Aims

This study aimed to determine the degree of adherence, the level of knowledge and the difficulties of elderly people with BAD related to the following of the prescribed pharmacological therapy.

 

Methodology

This is a cross-sectional, descriptive, quail-quantitative study. It was held in the domiciles of elderly people with BAD treated at a mental health center (MHC), of a municipality in the interior of São Paulo State, which is part of the Brazilian National Health System (SUS). The project was developed after its approval by the Research Ethics Committee of the institution (Protocol No.269/CEP-CSE-FMRP-USP). All patients aged 60 or older, diagnosed with BAD, with continuous use of medication for treatment of this disorder and who had consultations scheduled with the physicians of the MHC within the period of three months after the start of data collection, were selected for the study. Further inclusion criteria adopted were: to be able to communicate verbally, to agree to participate in the study and to sign the terms of informed consent. The Mini Mental State Examination (Mini-Mental)(10) was applied, using, according to this examination, a score of less than 24 for educated subjects and scores below 18 for the illiterate as criteria for exclusion from the study(11).

For the data collection a semi-structured interview was used, guided by a script prepared by the authors of the study, which consisted of data on the characterization of the subjects, questions related to adherence and to the knowledge of the elderly about the instituted pharmacotherapy, and data referring to the difficulties of the participants in relation to following the pharmacological treatment. The data were analyzed using a quali-quantitative approach. The degree of adherence was defined by applying the Morisky-Green test(12). This test identifies the degree of patient adherence and discriminates as to whether the possible non-adherence is due to intentional behavior (questions: "When you feel well, do you ever stop taking your medication?" and "when you don't feel well, even with the medication, do you stop taking it sometimes?") or unintentional behavior (questions: "have you ever forgotten to take your medicine?" and "are you sometimes careless about the time to take your medicine?"). The test was validated in other studies and has been translated and applied in Brazil(13-15). The responses were assigned a value of 0 (zero) or 1, with the value 1 given for each positive response in which the admitted frequency was of once per month or less, and the value 0 (zero) for other possibilities of frequency. The criterion adopted to classify the degree of adherence was: "adherent" the patients who obtained four points in Morisky-Green test(12) and "non-adherent" those who obtained 0 to 3 points.

To categorize the degree of knowledge of the patients regarding prescribed medication, a scale was adopted already employed in previous studies(16-17). In this scale, the degree of knowledge can be categorized from 0 to 100% in five intervals representing the following classes: "without knowledge" (0%) "very little knowledge" (0%  25%), "little knowledge" (25%  50%); "average knowledge" (50%  75%) and "good knowledge" (75%  100%). This scale was used to categorize the degree of patient knowledge regarding the following aspects of the medication: name, dose and frequency of use. The answer to each question was classified as right or wrong, considering each medication prescribed for the patient. The answer "do not know" was classified as wrong. Thus, when there were 10 medications prescribed for a patient, if the patient was able to correctly report the names of four of them, the degree of knowledge of the patient would be 40% and they would be included in the category "little knowledge" in relation to the names of the medication. Proceeding in this way for the other variables related to the medication.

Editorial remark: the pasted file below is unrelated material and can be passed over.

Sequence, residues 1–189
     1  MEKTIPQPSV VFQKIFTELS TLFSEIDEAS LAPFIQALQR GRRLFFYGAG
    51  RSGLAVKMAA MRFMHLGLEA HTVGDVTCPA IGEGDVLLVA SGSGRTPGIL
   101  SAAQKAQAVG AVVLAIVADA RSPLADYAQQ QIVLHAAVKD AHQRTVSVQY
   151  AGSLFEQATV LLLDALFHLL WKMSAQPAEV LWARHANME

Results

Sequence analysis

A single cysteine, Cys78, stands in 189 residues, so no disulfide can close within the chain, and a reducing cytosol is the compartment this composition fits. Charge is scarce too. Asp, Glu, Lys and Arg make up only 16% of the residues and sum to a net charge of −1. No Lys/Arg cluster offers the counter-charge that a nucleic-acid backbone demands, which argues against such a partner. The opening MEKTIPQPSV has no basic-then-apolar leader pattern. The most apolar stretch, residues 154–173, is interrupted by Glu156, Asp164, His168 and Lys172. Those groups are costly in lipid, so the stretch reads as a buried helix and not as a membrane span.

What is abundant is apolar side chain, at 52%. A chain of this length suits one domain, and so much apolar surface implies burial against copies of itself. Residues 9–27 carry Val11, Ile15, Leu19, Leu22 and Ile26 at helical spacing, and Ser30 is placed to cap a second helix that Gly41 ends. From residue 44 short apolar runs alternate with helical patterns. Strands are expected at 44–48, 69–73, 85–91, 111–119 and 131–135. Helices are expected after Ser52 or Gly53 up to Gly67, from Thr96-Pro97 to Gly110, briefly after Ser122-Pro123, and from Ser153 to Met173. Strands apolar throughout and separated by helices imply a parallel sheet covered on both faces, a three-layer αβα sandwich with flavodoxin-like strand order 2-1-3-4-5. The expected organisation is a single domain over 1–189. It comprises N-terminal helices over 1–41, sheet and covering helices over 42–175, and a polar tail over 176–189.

The data related to the characterization of study participants and to their knowledge about the pharmacological therapy were entered into a structured database in spreadsheet format, using the Excel program and subsequently transported to the Statistical Package for the Social Sciences (SPSS version11.5). For analysis of the data concerning the difficulties of the patients in following the pharmacotherapy, a qualitative approach was used, based on the steps proposed by Minayo(18): sorting of the collected data, classification of the data (development of the central empirical categories) and the final analysis (articulation of the empirical data with the literature).

 

Results

Categorization of the study subjects

Within three months of the start of the study, 17 elderly people with BAD who fulfilled the study inclusion criteria had scheduled medical consultations in the mental health center. Of these 17 patients interviewed, it was verified that the majority were female (76.47%), married (52.94%), retired due to the disorder (70.58%) and had incomplete elementary education (58.82%). Regarding the medications used by the study subjects for the control of psychiatric symptoms, it was found that 15 patients (88.24%) were using mood stabilizers and that antipsychotics were prescribed for seven (41.18%) interviewees. It is also noteworthy that five (29.41%) were taking benzodiazepines and three (17.65%) individuals were using antidepressants.